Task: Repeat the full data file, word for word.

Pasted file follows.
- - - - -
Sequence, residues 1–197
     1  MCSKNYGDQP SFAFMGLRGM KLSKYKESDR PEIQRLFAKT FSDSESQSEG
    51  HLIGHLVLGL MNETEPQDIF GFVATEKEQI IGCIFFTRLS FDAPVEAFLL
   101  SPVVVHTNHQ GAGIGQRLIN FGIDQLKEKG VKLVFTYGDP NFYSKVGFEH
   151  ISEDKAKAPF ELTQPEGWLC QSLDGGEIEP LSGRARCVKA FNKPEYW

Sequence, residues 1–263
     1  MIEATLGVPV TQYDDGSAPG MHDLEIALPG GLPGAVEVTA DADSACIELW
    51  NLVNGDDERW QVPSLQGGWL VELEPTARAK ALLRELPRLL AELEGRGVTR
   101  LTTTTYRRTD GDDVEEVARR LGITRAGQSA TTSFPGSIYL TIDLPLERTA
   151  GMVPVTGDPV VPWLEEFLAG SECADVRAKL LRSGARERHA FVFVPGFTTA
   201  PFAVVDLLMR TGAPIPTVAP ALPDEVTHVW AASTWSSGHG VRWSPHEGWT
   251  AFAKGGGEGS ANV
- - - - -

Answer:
Sequence, residues 1–197
     1  MCSKNYGDQP SFAFMGLRGM KLSKYKESDR PEIQRLFAKT FSDSESQSEG
    51  HLIGHLVLGL MNETEPQDIF GFVATEKEQI IGCIFFTRLS FDAPVEAFLL
   101  SPVVVHTNHQ GAGIGQRLIN FGIDQLKEKG VKLVFTYGDP NFYSKVGFEH
   151  ISEDKAKAPF ELTQPEGWLC QSLDGGEIEP LSGRARCVKA FNKPEYW

Sequence, residues 1–263
     1  MIEATLGVPV TQYDDGSAPG MHDLEIALPG GLPGAVEVTA DADSACIELW
    51  NLVNGDDERW QVPSLQGGWL VELEPTARAK ALLRELPRLL AELEGRGVTR
   101  LTTTTYRRTD GDDVEEVARR LGITRAGQSA TTSFPGSIYL TIDLPLERTA
   151  GMVPVTGDPV VPWLEEFLAG SECADVRAKL LRSGARERHA FVFVPGFTTA
   201  PFAVVDLLMR TGAPIPTVAP ALPDEVTHVW AASTWSSGHG VRWSPHEGWT
   251  AFAKGGGEGS ANV